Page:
Due to its primary role in processing memory and emotional reactions, over the last decade and a half psychologists have been linking the amygdala to psychopathy. It is involved in aversive conditioning and instrumental learning and is thus involved in all the processes that, when impaired, produce the same functional impairments displayed by psychopaths. Two famous studies conducted by Tiihonen and Kiehl respectively have confirmed this. Tiihonen used a volumetric MRI to test and confirm the positive correlation between low amygdaloid volume and a high degree of psychopathy in violent criminals (measured by the Hare checklist-revised) while Kiehl used a functional MRI to prove reduced amygdala response during an emotional memory task in individuals who scored high on the Hare checklist-revised. However, both these studies along with numerous others were conducted using violent offenders as subjects rather than individuals with psychopathy. Although many psychopaths do exhibit violent tendencies, not all violent offenders are necessarily psychopaths. A study conducted by Raine is one of the few that did focus only on individuals exhibiting psychopathy. In his study Raine was able to show reduced prefrontal grey matter in his test subjects. Unfortunately though, he was unable to differentiate between grey matter in different regions of the prefrontal cortex. It is however clear that there is one region of the frontal cortex that could be
Modern biology is focused more on understanding behavior, like violence and crime, through research on indicators and influences. Rather than attempting to determine a single root cause, researchers are discovering markers of predisposition and identifying factors of risk. In a recent interview about his new book, The Anatomy of Violence: The Biological Roots of Crime, criminologist and professor at the University of Pennsylvania, Adrian Raine asserts that there is a “biology of violence” that should not be ignored; “Just as there’s a biological basis for schizophrenia and anxiety disorders and depression… there’s a biological basis also to recidivistic violent offending” (Gross, 2013).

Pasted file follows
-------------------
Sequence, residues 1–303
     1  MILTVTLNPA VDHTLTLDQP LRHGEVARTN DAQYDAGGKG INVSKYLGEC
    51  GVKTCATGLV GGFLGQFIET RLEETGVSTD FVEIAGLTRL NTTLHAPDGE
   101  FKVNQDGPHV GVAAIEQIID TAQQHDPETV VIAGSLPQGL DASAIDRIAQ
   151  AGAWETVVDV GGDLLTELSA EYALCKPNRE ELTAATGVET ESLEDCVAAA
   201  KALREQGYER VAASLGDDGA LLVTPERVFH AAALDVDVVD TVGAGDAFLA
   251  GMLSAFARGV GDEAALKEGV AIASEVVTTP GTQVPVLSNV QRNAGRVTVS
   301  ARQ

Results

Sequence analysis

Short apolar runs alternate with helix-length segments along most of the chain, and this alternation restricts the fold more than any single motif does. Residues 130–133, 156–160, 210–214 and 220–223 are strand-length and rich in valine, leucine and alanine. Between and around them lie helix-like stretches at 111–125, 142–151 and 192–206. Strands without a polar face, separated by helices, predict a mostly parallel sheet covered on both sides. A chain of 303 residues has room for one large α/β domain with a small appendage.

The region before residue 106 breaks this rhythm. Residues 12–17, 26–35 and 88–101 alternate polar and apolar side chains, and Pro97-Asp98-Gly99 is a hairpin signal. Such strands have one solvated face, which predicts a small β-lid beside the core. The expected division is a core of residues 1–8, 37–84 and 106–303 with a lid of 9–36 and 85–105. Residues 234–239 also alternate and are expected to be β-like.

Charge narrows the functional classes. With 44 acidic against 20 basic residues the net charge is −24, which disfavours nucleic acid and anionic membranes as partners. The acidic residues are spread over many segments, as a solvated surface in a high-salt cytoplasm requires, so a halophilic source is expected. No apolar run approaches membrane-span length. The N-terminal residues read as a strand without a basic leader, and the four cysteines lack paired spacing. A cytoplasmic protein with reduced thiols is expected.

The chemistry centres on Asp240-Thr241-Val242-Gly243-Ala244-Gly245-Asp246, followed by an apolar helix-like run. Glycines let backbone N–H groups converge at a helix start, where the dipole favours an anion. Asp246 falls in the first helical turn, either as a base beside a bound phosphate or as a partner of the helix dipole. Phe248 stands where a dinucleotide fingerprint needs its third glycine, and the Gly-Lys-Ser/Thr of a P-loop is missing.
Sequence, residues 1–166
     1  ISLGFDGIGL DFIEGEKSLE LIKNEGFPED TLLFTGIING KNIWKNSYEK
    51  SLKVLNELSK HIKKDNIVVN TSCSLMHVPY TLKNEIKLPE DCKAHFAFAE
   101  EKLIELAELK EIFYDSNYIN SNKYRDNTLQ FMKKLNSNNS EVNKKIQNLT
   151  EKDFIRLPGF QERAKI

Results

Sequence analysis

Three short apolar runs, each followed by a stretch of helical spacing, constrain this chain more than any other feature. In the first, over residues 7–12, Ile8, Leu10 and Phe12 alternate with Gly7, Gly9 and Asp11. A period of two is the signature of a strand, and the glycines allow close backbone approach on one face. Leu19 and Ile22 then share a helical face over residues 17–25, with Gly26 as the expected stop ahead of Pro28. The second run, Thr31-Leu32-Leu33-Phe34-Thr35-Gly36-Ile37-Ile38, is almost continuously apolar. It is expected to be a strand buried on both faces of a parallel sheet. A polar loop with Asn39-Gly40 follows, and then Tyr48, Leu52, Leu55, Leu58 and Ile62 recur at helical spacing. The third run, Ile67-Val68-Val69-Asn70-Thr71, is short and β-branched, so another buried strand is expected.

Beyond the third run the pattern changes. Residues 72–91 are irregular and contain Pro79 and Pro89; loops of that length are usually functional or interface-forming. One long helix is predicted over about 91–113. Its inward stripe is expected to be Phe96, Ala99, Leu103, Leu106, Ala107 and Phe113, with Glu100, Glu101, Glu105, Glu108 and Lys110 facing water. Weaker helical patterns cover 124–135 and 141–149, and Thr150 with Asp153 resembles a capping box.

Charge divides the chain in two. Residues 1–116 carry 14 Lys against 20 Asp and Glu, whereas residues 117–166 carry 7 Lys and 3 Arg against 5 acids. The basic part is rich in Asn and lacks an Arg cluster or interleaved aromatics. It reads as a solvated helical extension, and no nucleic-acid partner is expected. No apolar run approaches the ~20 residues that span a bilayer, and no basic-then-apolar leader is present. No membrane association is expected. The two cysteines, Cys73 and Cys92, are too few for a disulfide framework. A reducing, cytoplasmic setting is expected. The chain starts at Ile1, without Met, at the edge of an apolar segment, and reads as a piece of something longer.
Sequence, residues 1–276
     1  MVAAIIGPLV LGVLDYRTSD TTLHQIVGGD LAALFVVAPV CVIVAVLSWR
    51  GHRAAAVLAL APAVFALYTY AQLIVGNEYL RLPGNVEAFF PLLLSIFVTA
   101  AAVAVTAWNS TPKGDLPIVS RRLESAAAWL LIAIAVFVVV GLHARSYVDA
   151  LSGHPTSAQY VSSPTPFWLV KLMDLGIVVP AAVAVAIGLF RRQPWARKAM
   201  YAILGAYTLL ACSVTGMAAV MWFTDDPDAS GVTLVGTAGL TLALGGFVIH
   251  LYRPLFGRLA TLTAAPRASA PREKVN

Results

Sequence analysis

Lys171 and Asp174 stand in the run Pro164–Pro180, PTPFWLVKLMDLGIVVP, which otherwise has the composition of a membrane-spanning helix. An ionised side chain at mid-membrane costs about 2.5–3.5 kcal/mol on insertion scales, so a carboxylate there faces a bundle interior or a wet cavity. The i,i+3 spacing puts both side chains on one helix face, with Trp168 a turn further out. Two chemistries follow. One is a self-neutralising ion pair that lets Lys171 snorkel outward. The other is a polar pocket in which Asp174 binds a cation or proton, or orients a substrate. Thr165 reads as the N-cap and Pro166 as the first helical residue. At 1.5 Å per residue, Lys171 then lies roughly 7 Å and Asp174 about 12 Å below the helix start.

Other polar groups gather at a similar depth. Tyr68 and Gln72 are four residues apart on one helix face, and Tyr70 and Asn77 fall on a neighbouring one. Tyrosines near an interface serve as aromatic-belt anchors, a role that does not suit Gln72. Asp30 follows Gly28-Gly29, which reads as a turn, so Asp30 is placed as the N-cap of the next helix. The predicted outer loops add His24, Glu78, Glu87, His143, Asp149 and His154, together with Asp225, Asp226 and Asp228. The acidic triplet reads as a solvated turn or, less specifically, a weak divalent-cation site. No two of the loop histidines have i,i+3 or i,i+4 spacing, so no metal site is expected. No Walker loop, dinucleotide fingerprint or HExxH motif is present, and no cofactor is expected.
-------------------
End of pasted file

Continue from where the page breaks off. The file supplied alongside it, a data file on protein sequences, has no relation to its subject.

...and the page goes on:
However, more recently, a study led by King’s College London has claimed that there are differences between the brains of psychopaths and other criminal offenders diagnosed with antisocial personality disorder. Dr. Nigel Blackwood who led the research is quoted as saying “We describe those without psychopathy as 'hot-headed' and those with psychopathy as ‘cold-hearted’.” This statement shows a clear distinction between what should be interpreted as a lack of self-control and ability to repress impulses and what should be diagnosed as psychopathy. The study took MRI scans of 66 men, two thirds of which were offenders who had been diagnosed with antisocial personality whilst the other third were non-offenders considered to not have any personality disorders. Of the 44 offenders, 17 met the diagnosis criteria for psychopathy (ASPD+P) assessed by the guidelines stated in the DSM-IV. Researchers saw that the members of the study diagnosed as psychopaths had notably less grey matter in areas associated with moral behaviour and understanding other peoples’
Psychological theories of violence examine the internal characteristics that influence criminal behavior. From this perspective, criminal behavior is viewed as a product of psychological deficits in development, biological predispositions, psychopathic personality traits, environmental influences, learned behavior, and overall, one's mental processing of a situation. Though this theory ignores the situational factors of an event that might influence criminal behavior and focuses on the individual psyche. A crime of passion, for instance, is a crime motivated by situational factors. It is a type of violence committed in the moment as a result of anger, frustration, and anxiety. Although the described emotions are a form of internal expression which accumulated in reaction to the situation, the psychological theory of violence examines the perpetrators processing of the event leading to the crime itself rather than the external factors that might have been present to provoke the emotions.